No Time to Die

No Time to Die ★★★½

The most subdued a Bond movie has ever been. It's such a vulnerable film, in a way that feels almost post-Bond. Here is a man who is done, and he's just that: a man, and nothing more. A man who finally wants to just live a real life and put human effort into a real love. This possibility is dangled in front of him, but the consequences of the lifestyle he is trying to leave behind rips it away. He is James Bond the myth the legend, and so can never be the man.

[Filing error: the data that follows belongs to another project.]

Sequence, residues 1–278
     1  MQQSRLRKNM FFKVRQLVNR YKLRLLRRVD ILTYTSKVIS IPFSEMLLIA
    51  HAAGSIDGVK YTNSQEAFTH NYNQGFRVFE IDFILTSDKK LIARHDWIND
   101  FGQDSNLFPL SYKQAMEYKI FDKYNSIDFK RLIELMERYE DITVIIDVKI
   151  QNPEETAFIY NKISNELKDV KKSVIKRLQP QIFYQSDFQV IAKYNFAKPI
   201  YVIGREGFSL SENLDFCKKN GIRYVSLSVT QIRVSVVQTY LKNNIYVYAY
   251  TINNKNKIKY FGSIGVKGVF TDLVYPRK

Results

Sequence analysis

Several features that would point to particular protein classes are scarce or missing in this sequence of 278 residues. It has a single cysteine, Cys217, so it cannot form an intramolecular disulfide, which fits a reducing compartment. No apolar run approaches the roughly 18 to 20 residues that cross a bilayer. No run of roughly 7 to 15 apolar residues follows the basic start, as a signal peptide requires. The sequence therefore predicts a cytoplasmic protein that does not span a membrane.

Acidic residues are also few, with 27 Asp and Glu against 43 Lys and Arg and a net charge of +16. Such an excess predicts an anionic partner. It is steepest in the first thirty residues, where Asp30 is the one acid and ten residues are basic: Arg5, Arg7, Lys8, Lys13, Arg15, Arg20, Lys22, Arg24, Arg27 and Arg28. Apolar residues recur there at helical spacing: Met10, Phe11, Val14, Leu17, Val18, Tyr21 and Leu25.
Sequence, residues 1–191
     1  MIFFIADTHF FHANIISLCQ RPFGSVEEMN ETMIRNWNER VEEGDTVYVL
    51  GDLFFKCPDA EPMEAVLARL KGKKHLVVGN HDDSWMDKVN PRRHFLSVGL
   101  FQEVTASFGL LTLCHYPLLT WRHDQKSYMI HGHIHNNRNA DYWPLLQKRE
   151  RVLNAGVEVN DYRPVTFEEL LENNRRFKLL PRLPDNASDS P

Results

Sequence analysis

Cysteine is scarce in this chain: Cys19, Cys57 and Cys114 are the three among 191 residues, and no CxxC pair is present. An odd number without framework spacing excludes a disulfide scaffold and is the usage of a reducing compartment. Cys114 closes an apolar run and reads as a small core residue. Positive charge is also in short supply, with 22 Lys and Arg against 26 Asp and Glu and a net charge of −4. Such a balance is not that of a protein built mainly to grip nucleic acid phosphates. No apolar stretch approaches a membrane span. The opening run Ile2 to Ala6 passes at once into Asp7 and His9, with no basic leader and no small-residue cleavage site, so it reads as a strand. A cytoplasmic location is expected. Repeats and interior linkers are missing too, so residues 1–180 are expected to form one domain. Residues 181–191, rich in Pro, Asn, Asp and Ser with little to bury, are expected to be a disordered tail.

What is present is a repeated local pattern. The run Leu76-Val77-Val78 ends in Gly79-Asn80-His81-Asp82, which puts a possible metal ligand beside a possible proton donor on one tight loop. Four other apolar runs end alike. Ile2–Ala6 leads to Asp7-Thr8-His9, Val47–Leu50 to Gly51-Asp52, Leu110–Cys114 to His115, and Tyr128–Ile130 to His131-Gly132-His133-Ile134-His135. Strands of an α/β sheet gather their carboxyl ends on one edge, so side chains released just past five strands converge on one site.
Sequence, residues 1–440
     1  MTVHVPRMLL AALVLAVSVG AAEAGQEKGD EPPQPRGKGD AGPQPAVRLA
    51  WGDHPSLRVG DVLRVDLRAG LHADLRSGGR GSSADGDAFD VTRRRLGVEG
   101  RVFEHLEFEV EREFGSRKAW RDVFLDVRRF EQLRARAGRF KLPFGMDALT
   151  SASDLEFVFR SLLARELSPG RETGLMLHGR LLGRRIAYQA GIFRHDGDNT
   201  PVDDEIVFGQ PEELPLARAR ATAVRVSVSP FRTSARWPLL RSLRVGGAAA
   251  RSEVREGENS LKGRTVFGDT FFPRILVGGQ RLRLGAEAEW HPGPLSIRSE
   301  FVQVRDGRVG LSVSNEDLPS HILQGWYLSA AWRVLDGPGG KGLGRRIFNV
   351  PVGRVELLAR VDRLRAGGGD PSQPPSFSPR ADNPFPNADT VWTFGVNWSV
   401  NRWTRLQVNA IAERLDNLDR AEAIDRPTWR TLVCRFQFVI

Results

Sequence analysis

But given this empathetic, subduded tone the franchise wants to send Daniel Craig's eponymous hero off on, the fact that so much of the movie is focused on stopping the ever-disappointing Rami Malek and his over-the-top plan for world destruction that is so obviously a throwback to a sillier era of Bond clashes hard. The potential greatness of the movie is in the whole post-Bond aspect, and the Rami Malek stuff is pure camp. This unevenness really muddles the experience, so that even with the fantastic conclusion and beautiful, tragic sendoff for the character, it is ultimately a fairly average movie overall.

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